'Santa protest' against South Korea President Park Geun-hye

People wearing Santa Claus costumes shout during a rally calling for South Korean President Park Geun-hye to step down in Seoul, South Korea, on 24 December, 2016. Image copyright AP
Image caption Protesters in Santa Claus costumes shout slogans against South Korean President Park Geun-hye

Tens of thousands of South Koreans have marched through the streets of Seoul - many dressed as Santa Claus - calling for the immediate removal of their president.

The festive protest marks the ninth week of rallies against Park Geun-hye.

Parliament has voted to impeach Ms Park over a corruption scandal, but that decision has to be confirmed by South Korea's constitutional court.

The demonstrators want her to resign at once.

Organisers say more than 550,000 people joined the ranks marching towards the presidential Blue House, the prime minister's office and the constitutional court. Police figures were not available.

The crowd chanted "Arrest Park immediately!" and sang along to Christmas songs whose lyrics they had changed to mock Ms Park.

'Gifts and handcuffs'

"This is a special Christmas Eve as it gives me a chance to show my children what democracy is all about", Yoon Ki-Seung told the AFP news agency, as his son and daughter held up banners.

Park Chans, a 25-year-old office worker in a Santa costume, said the aim was to ensure those accused of corruption are held accountable.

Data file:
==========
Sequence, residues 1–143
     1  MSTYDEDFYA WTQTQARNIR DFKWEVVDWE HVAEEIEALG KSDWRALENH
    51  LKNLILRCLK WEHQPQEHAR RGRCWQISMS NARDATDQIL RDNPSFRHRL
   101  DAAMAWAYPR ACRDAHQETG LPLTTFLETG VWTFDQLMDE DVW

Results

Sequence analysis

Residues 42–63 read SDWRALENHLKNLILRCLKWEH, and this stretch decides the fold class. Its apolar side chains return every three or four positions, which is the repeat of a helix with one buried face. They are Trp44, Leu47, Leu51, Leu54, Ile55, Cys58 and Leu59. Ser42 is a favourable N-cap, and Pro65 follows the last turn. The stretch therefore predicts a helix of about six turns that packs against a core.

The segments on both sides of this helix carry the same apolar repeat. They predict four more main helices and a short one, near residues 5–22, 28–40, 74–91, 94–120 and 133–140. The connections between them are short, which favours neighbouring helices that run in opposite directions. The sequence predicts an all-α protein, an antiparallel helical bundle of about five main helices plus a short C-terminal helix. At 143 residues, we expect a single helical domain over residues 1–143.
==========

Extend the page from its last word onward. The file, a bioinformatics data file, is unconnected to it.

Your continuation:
"I hope that in the new year, this country will be a better place to live for the youth," he said.

Image copyright Reuters
Image caption Many protesters brought their children to the festive rally
Image copyright Reuters
Image caption The crowds sang Christmas songs whose lyrics had been changed to mock President Park
Image copyright Reuters
Image caption Some of those at the candlelight protest carried placards reading, "Park Geun-hye and Prime Minister Hwang Kyo-ahn Out"

Between 200 and 300 young people in Santa outfits handed out books and Christmas cards to children at the demonstration, chanting: "Gifts to children and handcuffs to Park!"

The scandal which has engulfed Ms Park centres on her relationship with a long-time friend, Choi Soon-sil, who faces charges of coercion and abuse of power.

New allegations

It is alleged that after Ms Park became president in 2013, Ms Choi, 60, used their friendship to pressure top firms into donating to foundations she controlled, and then siphoned off funds for her own gain.

Prosecutors are also investigating new allegations that Ms Choi sent dubious assets worth hundreds of millions of dollars overseas.

The president's one-time ally has been in custody since October, and was brought to a special prosecutors' office to be questioned on Saturday.

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"We will question her to confirm her earlier statements and investigate other allegations," a spokesman for the special prosecutor told reporters.

Ms Park has been suspended from her duties since the impeachment vote on 9 December, but insists she will wait "calmly" until the constitutional court delivers its decision.

If it confirms her impeachment, she will be permanently removed from office, and elections will be held within 60 days.

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